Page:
By Sue Williams
When wildlife legend Sir David Attenborough decided to make a new TV series about Africa, his producers were faced with a seemingly insurmountable problem.
The veteran broadcaster was nearing his 90th birthday and couldn’t travel with ease all around the continent for his pieces to camera in each different location. So instead they came up with an ingenious solution: find one place that had examples of each type of African landscape to serve as vastly different backdrops to his appearances on screen.
And so Sir David ended up on Lewa, a massive 160 sqkm wildlife conservancy and UNESCO World Heritage site in the middle of Kenya, by the foothills of Mount Kenya.
As a bionomic microcosm of Africa, it was perfect, with forest, rainforest, savannah, dry desert. mountain moorland and swamp. It’s also so beautiful, it’s the place Prince William – a long-time Lewa fan since spending his uni gap year there – chose to propose to Kate Middleton while on safari in 2010.
Even more critically, Lewa has an incredible variety of wildlife, too. One guest a few years ago took an astonishing photograph with four of the Big Five in the same frame; lion, buffalo, elephant and rhino. Everyone gathered around to marvel … until someone spotted, on a branch of a tree above the group, a leopard lying there.
“No one could believe it,” says Calum Macfarlane who, with wife Sophie Brown, a fourth-generation Lewaian, runs the lodge. “I’ve never seen anything like it before, or since.”
You forget such things at your peril, however. A few weeks ago, Macfarlane got out of his vehicle for a closer look at a rarely seen bird, an African finfoot, wandered into the bush and came face to face with a lioness with newly-born cubs. He backed away, she mock charged, he backed away some more, and eventually he made it safely into the vehicle.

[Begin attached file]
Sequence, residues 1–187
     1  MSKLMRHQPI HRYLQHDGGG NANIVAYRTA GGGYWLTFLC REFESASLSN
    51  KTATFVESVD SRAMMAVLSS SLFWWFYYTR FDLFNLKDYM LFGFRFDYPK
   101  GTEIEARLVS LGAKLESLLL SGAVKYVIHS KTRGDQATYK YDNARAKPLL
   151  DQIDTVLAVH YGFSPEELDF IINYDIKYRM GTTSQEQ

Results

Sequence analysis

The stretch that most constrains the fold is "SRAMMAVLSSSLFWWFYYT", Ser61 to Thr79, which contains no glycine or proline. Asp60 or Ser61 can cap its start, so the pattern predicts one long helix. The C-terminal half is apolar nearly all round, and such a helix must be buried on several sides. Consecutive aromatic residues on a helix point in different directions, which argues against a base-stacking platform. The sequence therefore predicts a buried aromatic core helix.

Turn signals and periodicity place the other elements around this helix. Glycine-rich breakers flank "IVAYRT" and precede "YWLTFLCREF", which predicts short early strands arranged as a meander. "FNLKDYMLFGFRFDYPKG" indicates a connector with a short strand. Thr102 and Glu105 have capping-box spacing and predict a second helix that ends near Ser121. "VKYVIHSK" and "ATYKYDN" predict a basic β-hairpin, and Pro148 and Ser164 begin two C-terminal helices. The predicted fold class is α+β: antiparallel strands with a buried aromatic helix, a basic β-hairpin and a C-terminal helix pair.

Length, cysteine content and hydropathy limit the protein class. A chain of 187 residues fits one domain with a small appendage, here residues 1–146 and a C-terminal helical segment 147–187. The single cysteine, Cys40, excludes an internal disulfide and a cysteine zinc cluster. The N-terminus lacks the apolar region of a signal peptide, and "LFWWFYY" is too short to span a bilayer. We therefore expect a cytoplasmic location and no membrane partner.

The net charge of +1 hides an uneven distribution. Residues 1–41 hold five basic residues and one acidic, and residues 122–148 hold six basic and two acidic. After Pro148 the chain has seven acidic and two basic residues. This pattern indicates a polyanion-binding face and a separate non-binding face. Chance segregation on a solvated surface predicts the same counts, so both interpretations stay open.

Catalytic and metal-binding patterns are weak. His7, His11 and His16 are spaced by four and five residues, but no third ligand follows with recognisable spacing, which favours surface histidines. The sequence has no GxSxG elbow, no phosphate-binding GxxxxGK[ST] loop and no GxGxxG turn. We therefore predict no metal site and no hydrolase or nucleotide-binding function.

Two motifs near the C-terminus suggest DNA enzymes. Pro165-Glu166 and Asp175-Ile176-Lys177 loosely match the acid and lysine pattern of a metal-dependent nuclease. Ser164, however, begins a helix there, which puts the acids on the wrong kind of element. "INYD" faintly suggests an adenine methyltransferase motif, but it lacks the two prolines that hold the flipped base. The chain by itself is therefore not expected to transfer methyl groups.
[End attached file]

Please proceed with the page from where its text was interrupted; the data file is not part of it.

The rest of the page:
Animals have been protected here since Brown’s great-grandfather took it over and gradually expanded the conservancy, and her uncle set up a black rhino sanctuary in 1983 which last year (subs: 2015) became East Africa’s first local community-managed wildlife sanctuary.
Now, it has everything, including rhino calves trotting after their mamas – it has no less than 11 per cent of Kenya’s black rhino population – baby elephants suckling, and species unique to this part of Africa: the prettily-patterned reticulated giraffe; the Beisa oryx; and the largest population of endangered thin-striped Grevy’s zebra in the world.
Many of the inhabitants are so used to humans too, they don’t turn a hair when you drive close to observe.
As a result, visitors often become the butt of jokes. At some of the new stone Gaudi-esque ‘earth pod’ accommodation, designed to blend into the landscape, there are open-air baths for guests to enjoy under the wide African skies with a glass of chilled champagne, a wood-burning stove and Mount Kenya as the backdrop – but only in the daylight hours. Too many considering a bath at night under the stars have heard Macfarlane’s jest about pouring in a little olive oil, pepper and salt to marinade themselves ready for the lions.
Occasionally, visitors do get nervous. A hot waterbottle is always waiting for you in bed at night when you return to your eco pod or stone-and-thatch cottage. One man became so scared at feeling a warm lump under the covers of his bed, he sounded the alarm …
But generally guests sleep soundly after full days of game drives, game walks, horse or camel riding and meals out in the bush, all with guides from local tribes. There are also scenic flights in the yellow bi-plane, helicopter rides over the conservancy and picnics on the cliffs, fishing, swimming and eating under the stars.
With Africa still considered the Cradle of Mankind, there’s even an archaeological site at the conservancy with hand tools and axes that have been excavated by the famous Leakey family and dated to half a million years old. In addition, there are visits to a nearby Maasai village to marvel at one of the most fascinating cultures left in the world.
Quite simply, it’s one of the most marvellous places on the African continent to go to see wildlife and meet the local tribes, and sample the warm hospitality of a family-run lodge, dedicated to conservation. And let’s face it, if it’s good enough for Sir David Attenborough and Prince William …
South African Airways flies to Nairobi via Perth and Johannesburg, and Safari Air flies direct from Nairobi to Lewa
Lewa House has three separate luxury cottages and four ‘earth pods’, all with beautiful decks for viewing animals, as well as the main house with sofas around a real fire, the main dining room, pool and other dining areas, from which lots of animals can always be seen. Much of the food is organically home-grown. See lewahouse.com. Book via The Classic Safari Company classicsafaricompany.com.au Ph (02) 9327 0666
Sue Williams travelled courtesy of The Classic Safari Company and South African Airways.